General News of Thursday, 28 February 2013

Source: Citi FM

NPP must criticise sensibly – Tony Aidoo

The Head of Monitoring and Evaluation at the Presidency, Dr. Tony Aidoo has stated that anybody who sets out to criticise the government must provide adequate details for the criticism to be considered ‘sensible’.

The New Patriotic Party (NPP) members of Parliament on Wednesday questioned the NDC government heavy borrowing, which according to them, is used for dubious payment of judgment debts to cronies.

They also mentioned that public debt has increased from GHC 9.5 billion to GHC 33.5 billion.

In response, Dr. Aidoo indicated that businessman Alfred Woyome who was paid GHC 51 million judgment debt “is a financial liability incurred for the government or the state of Ghana through the mal-administration under the NPP under President Kufuor.”

He accused the Kufuor administration of incurring the judgment debts the NDC government has been paying since it took over in 2008.

“Virtually every contract that has attracted judgment debt…have arisen as a result of a unilateral or inequitable or illegal or illegitimate abrogation of contracts by the previous Kufuor administration.”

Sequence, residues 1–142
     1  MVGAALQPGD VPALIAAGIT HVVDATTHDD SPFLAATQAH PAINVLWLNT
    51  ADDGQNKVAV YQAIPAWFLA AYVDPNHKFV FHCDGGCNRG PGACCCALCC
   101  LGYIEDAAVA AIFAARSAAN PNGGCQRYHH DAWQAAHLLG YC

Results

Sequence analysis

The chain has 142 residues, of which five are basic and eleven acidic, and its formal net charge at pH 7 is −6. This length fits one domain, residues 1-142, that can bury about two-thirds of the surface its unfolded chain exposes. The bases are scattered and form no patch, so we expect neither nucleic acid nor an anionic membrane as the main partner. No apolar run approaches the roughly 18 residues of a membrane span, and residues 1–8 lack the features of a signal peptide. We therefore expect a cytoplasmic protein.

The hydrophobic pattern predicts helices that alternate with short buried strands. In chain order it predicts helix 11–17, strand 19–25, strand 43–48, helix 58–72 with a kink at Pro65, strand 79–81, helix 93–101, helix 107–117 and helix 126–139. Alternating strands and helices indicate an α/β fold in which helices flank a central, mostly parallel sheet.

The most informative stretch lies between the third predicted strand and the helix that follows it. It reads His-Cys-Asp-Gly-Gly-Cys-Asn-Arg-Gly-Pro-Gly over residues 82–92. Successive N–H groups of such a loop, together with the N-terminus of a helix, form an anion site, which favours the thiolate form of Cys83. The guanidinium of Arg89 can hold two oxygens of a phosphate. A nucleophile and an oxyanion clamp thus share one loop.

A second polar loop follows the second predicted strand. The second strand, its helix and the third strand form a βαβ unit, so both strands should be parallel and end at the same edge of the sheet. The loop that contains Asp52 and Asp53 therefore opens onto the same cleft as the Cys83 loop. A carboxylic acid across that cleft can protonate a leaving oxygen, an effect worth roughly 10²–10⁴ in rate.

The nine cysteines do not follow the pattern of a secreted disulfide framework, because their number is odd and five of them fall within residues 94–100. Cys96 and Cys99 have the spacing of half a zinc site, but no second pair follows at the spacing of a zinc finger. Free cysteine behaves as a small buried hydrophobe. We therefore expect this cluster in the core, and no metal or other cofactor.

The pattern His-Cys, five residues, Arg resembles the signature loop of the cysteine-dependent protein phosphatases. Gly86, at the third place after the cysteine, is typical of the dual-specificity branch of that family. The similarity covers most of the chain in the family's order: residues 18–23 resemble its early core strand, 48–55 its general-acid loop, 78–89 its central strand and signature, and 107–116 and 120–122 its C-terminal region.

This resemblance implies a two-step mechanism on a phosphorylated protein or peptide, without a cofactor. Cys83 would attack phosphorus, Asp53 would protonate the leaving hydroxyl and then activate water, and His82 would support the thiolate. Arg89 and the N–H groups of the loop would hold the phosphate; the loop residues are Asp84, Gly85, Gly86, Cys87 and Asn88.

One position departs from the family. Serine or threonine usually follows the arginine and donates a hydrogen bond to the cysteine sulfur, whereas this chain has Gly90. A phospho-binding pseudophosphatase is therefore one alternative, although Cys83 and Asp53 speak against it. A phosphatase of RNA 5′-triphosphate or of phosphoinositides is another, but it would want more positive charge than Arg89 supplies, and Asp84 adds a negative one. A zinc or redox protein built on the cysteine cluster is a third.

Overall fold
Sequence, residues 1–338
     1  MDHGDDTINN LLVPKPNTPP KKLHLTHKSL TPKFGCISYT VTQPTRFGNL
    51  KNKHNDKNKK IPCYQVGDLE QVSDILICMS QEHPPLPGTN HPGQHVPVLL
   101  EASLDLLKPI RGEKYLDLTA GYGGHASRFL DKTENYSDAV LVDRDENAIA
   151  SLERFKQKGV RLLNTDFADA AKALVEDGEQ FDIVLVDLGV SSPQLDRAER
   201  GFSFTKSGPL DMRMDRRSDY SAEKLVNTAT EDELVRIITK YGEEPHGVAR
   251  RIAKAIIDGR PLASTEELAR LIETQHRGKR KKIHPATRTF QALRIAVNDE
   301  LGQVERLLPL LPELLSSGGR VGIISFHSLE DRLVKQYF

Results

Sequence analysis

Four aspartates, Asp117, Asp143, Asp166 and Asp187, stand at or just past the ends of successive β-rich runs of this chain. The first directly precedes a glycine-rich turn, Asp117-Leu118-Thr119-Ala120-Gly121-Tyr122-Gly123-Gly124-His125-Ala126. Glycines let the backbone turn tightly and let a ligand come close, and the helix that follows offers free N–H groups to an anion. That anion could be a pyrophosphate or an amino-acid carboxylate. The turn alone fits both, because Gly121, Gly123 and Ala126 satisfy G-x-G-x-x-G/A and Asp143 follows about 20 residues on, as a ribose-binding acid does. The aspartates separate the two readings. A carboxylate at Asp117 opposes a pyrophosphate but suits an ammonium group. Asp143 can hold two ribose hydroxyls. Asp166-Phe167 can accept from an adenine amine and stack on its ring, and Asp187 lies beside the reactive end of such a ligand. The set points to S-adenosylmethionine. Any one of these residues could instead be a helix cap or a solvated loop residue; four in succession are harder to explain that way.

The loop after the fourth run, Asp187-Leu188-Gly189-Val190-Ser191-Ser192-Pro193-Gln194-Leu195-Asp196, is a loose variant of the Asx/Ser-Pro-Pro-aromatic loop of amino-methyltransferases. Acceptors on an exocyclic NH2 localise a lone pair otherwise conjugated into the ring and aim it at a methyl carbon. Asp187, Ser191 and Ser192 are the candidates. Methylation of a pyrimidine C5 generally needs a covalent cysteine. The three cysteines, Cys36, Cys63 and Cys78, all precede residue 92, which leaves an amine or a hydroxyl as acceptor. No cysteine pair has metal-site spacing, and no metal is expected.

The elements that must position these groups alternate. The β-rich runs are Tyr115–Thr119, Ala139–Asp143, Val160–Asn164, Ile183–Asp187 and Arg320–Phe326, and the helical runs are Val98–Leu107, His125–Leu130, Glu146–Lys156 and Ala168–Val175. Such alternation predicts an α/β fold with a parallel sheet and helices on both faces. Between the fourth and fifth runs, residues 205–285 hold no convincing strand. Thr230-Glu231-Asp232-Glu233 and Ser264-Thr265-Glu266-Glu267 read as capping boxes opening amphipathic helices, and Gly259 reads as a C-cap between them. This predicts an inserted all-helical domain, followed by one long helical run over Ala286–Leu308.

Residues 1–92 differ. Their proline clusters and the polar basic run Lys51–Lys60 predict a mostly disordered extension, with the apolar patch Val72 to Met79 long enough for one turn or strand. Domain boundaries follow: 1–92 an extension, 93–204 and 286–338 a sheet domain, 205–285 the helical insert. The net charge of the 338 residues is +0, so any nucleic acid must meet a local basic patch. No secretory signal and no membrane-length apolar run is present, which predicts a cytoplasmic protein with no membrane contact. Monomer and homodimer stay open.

Dr. Aidoo mentioned that the NPP created the liability and the NDC under the late President John Mills “responded to his constitutional and moral obligation by actually paying these debts.”

He however clarified that the judgments debts were not paid from borrowed funds but through budgetary allocation insisting that “every money that the NDC government under President Mills borrowed were project related borrowing…every loan that has gone to constitute the national debt over the last four years, they were active participants in the process of the approval of the loans.”

He therefore challenged the NPP MPs that if they are able to “show evidence to the contrary, then they are making sensible criticism.”

A former Minister of State at the Finance Ministry, Dr. Anthony Akoto Osei however noted that the NDC government has breached the Appropriation Act therefore, “the government has broken the law. We need to know what the money was spent on. So the matter is, why has government broken the law when Parliament did not approve that? These expenditures cannot be explained.”